Robotic Heart Procedure at Saint Michael's Medical Center is Area's First
NEWARK, N. J. (October 30, 2009) –– Doctors at Saint Michael’s Medical Center have performed an advanced laser heart surgery using robotic technology — the first time the operation has been performed robotically in the tri-state area.
The robotic technology enabled surgeons to create new pathways in the heart muscle of a 52-year-old diabetic man without creating a large surgical incision or opening the patient’s rib cage.
Instead, surgeons at Saint Michael’s used robotic technology to access the patient’s heart through three tiny incisions — each about the size of a pencil eraser — to perform TMR, or transmyocardial revascularization.
“The patient was sitting up in his chair six hours after the operation. It was remarkable,” said Dr. Mark Connolly, a cardiothoracic surgeon and director of The Heart & Vascular Institute at Saint Michael’s Medical Center. “This was a complex patient with end-stage heart disease and this was his only real option,” Dr. Connolly said.
The patient went home two days after surgery and is doing very well, his doctors said.
Dr. Nilesh Patel, the hospital’s chief of Minimally Invasive Robotic Cardiac Surgery and among the nation’s most experienced robotic heart surgeons, performed the surgery under the supervision of Dr. Connolly.
Dr. Patel said the TMR surgery underscores the emergence of robotics as a powerful tool for the heart surgeon.
“This is a new concept and I personally think it is the future of heart surgery,” Dr. Patel said.
Dr. Patel is among only ten surgeons in the United States to perform TMR with the robot technology, said Richard Lanigan, executive vice president of marketing at Cardiogenesis, the California-based company that manufacturers the TMS Laser System.
“This minimally invasive approach to delivering TMR means patients face lower risk and a shorter recovery.”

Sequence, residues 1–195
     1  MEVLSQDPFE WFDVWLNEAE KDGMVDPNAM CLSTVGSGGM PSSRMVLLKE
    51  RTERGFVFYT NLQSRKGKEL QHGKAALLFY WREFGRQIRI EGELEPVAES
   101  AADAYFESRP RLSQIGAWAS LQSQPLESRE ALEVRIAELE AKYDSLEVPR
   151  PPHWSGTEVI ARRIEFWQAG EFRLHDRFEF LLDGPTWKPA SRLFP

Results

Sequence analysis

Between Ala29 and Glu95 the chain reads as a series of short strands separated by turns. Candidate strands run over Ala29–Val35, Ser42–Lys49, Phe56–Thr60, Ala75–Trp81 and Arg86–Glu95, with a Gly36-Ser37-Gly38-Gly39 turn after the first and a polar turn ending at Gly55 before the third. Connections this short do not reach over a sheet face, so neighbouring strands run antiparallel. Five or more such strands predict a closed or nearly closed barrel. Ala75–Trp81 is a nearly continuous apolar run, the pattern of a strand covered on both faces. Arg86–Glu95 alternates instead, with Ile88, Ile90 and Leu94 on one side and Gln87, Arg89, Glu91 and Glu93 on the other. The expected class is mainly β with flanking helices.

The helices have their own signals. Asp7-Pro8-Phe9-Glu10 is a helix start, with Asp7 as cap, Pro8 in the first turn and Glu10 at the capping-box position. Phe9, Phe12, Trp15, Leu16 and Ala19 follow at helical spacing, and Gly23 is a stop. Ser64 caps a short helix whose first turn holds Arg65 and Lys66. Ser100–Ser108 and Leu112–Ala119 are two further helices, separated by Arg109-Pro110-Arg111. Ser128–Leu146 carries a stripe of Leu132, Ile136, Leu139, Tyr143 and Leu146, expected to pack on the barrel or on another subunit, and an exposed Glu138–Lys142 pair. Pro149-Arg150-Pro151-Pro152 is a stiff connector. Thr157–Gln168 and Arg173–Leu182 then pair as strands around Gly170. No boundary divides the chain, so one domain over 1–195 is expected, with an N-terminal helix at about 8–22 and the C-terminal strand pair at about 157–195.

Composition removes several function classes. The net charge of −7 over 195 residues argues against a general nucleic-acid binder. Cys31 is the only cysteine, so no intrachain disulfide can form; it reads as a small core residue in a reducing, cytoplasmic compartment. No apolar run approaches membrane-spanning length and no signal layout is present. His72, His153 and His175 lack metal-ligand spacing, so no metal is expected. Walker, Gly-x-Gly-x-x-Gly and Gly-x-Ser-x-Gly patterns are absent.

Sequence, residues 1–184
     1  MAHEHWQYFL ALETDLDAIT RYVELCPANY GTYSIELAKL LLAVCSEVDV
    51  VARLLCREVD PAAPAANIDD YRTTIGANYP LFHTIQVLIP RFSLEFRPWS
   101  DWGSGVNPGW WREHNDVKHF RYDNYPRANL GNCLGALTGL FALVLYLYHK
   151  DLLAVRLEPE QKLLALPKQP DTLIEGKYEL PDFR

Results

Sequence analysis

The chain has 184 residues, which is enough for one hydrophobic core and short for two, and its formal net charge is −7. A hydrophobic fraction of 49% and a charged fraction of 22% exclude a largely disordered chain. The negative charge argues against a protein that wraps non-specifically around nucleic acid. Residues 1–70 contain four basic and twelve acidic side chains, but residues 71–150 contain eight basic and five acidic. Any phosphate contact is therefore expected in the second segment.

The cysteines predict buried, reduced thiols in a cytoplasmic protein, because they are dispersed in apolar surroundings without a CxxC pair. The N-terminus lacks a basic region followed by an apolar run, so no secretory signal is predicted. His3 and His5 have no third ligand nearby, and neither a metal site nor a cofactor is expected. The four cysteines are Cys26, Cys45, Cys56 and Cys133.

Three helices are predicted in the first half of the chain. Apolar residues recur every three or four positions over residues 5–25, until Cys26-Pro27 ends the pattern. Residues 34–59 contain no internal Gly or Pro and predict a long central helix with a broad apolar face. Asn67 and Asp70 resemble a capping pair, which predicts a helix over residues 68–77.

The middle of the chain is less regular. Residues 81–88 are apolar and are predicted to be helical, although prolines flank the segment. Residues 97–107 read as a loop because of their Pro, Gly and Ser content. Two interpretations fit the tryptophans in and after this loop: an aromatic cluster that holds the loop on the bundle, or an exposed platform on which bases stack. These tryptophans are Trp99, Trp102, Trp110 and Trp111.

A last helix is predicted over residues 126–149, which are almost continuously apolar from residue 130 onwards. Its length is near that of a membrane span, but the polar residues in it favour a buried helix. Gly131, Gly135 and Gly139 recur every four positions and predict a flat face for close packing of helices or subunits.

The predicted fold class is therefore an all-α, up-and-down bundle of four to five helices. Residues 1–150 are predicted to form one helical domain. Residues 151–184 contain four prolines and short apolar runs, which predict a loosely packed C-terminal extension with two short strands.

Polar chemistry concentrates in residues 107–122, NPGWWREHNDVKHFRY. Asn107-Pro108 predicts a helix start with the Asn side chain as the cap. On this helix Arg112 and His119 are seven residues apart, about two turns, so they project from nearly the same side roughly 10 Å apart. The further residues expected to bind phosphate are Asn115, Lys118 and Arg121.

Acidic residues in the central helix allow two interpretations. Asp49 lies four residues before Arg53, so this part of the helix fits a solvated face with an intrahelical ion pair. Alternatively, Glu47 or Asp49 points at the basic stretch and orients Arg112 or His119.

TMR can help patients who continue to have severe chest pain despite previous coronary artery bypass surgery, angioplasty and medications. These patients often cannot climb stairs or perform simple chores, such as carrying groceries. With TMR, surgeons use a state-of-the-art laser to create channels into the heart muscle. The channels generate increased blood flow into new blood vessels, reducing chest pain and improving the patient’s quality of life.
Dr. Patel also has used the da Vinci Robotic
Surgery System to perform more than 600 coronary artery bypass graft procedures,
known as minimally-invasive direct coronary artery bypass surgery.
A study published in 2008 in the Annals of Surgery found the use of robotics for heart bypass surgery reduced major adverse events, blood loss and wound infection. Patients left the hospital sooner and returned to their normal lives more quickly, the study found.
Robotic cardiac bypass surgery currently is limited to certain bypass grafts. Some surgeons predict more surgeries will be possible as the technology advances.
Saint Michael’s has been at the forefront of cardiac innovation since it opened New Jersey’s first specialty center for the study and treatment of cardiac disease in 1937. Saint Michael’s established the state’s first cardiac catheterization lab in 1949. Doctors at the hospital performed the state’s first open heart surgery; the state’s first coronary bypass procedure and the state’s first coronary angioplasty.
Established by the Franciscan Sisters of the Poor
in 1867, Saint Michael’s Medical Center is a 357-bed regional tertiary-care,
teaching and research center in the heart of Newark’s business and
educational district. Saint Michael’s Medical Center is a member
of Catholic Health East (CHE). Based in Newtown Square, Pennsylvania,
Catholic Health East is one of the nation’s largest nonprofit health
systems, with 34 hospitals in 11 states. More
information is available at www.smmcnj.org.